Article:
The show will get better as time goes by. A return listen to some earlier episodes of other favorite podcasts reveals that they weren't all that great at first compared to what they would later become, much like suffering through early episodes of the Simpsons, which was initially just an animated sitcom with a nice, happy, feel-good ending. 13GNE cannot fairly be judged against other podcasts that have been around for years; it needs to be compared to its own past episodes.
4 Cred2 Crud

An argument for
Kickball

Kicking the ball only requires thinking about two dimensions, versus the three dimensions involved with slugging a baseball or softball, making the game more enjoyable to the less-athletically inclined.
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An argument against
Making the Bed

If I'm having guests over, of course I'll make the bed; although saying "it looks like an adult may live there" is begging the question. But if I'm just going to work for the day and returning home, and nobody's coming over, what purpose does making the bed serve, other than appealing to the obsessive-compulsive?
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An argument against
Marriage

I love pizza, but that doesn't mean I want to eat pizza every day for the rest of my life.
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An argument against
Bacon

Currently, an animal has to die in order for you to enjoy it. This is not quite the same as "Every time you masturbate, God kills a kitten," but it's close.
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An argument for
Magnetism

Maglevs.
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An argument for
Free Condoms in High Schools

Children should still be discouraged from engaging in sexual intercourse, but should nonetheless be made aware that there is a such thing as safer sex to combat teen pregnancy and the transmission of STDs.
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An argument for
Credding

An idea could also be crudded out of sheer popularity, rather than clear and concise rationale. This helps balance out the equation.
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An argument against
Making the Bed

No, because I'm just going to have to unmake the bed when I jump into tonight, and Better Homes and Gardens is not coming over for a photo shoot today.
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An argument for
Animal Rights

Some things, like cows, feel pain. Others, like rocks, do not. If, to the best of our knowledge, a thing cannot feel pain, then we have no moral responsibility towards it. On the other hand, if something can experience pain, we ought not hurt it.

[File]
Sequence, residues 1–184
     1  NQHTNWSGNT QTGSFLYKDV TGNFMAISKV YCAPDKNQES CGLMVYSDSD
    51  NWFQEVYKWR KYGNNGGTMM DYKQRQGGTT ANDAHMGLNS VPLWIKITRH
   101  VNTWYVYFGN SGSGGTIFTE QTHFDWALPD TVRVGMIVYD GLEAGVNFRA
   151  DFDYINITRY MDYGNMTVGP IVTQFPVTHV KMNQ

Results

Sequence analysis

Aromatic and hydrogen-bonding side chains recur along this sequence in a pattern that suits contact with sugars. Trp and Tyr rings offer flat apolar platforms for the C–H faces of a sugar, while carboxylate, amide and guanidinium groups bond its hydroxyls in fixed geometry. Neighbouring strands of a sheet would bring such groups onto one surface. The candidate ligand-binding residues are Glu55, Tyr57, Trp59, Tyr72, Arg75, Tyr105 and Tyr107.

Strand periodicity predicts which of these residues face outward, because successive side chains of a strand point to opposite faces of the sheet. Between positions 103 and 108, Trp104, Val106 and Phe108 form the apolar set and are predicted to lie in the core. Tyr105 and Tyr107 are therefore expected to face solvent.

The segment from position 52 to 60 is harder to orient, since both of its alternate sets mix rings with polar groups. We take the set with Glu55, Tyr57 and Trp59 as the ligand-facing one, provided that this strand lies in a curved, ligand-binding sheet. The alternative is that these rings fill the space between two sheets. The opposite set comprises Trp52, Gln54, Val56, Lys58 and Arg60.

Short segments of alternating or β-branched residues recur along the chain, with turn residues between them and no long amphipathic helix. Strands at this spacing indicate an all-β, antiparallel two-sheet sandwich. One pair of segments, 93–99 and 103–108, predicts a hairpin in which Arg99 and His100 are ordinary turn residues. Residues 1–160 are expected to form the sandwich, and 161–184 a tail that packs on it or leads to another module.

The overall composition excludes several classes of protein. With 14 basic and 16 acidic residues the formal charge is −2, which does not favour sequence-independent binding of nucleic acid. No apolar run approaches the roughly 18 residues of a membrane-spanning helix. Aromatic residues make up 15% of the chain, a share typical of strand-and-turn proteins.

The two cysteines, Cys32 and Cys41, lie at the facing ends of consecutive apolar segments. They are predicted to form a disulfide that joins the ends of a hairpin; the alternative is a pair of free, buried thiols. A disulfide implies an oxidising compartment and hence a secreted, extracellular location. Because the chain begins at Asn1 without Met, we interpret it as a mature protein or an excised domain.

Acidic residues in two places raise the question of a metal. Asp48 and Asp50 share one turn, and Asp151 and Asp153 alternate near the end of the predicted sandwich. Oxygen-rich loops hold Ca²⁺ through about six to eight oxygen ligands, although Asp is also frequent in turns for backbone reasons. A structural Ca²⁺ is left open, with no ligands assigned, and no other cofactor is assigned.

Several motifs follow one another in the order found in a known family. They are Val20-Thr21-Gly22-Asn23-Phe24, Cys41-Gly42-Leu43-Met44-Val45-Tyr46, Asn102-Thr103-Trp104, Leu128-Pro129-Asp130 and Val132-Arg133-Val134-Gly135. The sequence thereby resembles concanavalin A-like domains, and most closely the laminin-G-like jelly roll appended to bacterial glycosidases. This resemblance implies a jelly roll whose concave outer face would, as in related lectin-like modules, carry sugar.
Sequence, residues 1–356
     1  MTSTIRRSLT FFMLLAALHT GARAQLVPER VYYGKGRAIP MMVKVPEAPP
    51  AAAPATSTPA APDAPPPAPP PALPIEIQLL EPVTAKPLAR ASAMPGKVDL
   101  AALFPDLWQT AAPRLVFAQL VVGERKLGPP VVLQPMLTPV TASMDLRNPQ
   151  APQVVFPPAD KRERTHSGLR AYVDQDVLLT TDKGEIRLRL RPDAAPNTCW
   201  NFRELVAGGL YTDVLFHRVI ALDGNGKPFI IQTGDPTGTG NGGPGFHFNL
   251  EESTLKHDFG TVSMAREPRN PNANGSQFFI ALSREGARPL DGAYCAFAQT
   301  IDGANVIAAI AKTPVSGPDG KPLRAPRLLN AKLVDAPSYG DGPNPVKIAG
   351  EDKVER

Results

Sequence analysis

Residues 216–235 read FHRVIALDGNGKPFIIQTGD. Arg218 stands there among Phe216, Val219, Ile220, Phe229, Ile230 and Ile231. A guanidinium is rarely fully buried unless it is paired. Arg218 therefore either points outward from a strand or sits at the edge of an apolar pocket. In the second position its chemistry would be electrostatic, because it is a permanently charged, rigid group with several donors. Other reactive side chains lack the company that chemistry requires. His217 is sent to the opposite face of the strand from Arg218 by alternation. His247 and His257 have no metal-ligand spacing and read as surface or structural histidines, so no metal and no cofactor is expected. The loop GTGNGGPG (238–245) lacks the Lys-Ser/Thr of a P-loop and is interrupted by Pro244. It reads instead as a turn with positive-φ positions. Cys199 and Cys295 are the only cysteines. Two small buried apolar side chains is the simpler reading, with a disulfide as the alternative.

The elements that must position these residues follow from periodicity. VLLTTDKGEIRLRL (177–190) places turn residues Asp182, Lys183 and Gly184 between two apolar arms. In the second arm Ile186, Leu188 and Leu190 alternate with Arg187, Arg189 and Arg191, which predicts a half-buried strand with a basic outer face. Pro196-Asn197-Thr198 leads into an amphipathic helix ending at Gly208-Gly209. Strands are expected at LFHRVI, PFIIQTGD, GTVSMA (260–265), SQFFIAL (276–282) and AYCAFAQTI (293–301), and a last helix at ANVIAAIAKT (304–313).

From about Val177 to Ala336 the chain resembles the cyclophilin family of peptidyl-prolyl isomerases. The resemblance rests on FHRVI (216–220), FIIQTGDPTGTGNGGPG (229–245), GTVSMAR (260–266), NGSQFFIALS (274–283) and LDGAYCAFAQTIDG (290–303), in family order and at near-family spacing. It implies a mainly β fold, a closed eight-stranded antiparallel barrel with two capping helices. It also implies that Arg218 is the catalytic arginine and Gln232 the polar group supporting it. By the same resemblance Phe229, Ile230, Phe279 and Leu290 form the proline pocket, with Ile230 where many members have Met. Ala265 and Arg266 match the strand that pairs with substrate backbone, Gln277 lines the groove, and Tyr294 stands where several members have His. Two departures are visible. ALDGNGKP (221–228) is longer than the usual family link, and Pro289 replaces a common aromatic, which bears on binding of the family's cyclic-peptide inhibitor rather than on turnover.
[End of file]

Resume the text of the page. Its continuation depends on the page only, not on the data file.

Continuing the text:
1 Cred3 Crud

An argument against
Peer to Peer File Sharing

If artists want to give their music away, they do so on their websites. People do not have the right to just "share" intellectual property without compensation to the artist. And it's a bullshit argument that there are no lost sales because people who listen and like will buy while those who don't would never have bought the album, movie, TV show anyway. If I would never have bought some other product, like say a car, I don't just get to keep the car. So if you stream a song and like it, much like test driving a car, you then have the option to buy it. If someone were somehow able to give you an instant copy of a vehicle, much like sharing an MP3, whether or not you decided you liked it, you still have an automobile that you didn't pay for. And the more that people file share, the less profit there is for the artist, which in turn might take away a lot of incentive for said artist to make him music, craft, etc., and the higher the price of the product for those who purchase legally.
3 Cred1 Crud

An argument for
Euthanasia

You don't have a choice when coming into this world, but you definitely have a choice when going out. If you want to end your life and are unable to do so on your own, people should be allowed to help you, provided there are witnesses to attest that you wanted to end your life (to avoid murder under the guise of suicide).
3 Cred1 Crud

An argument for
Atheism

"With or without religion, you would have good people doing good things and evil people doing evil things. But for good people to do evil things, that takes religion."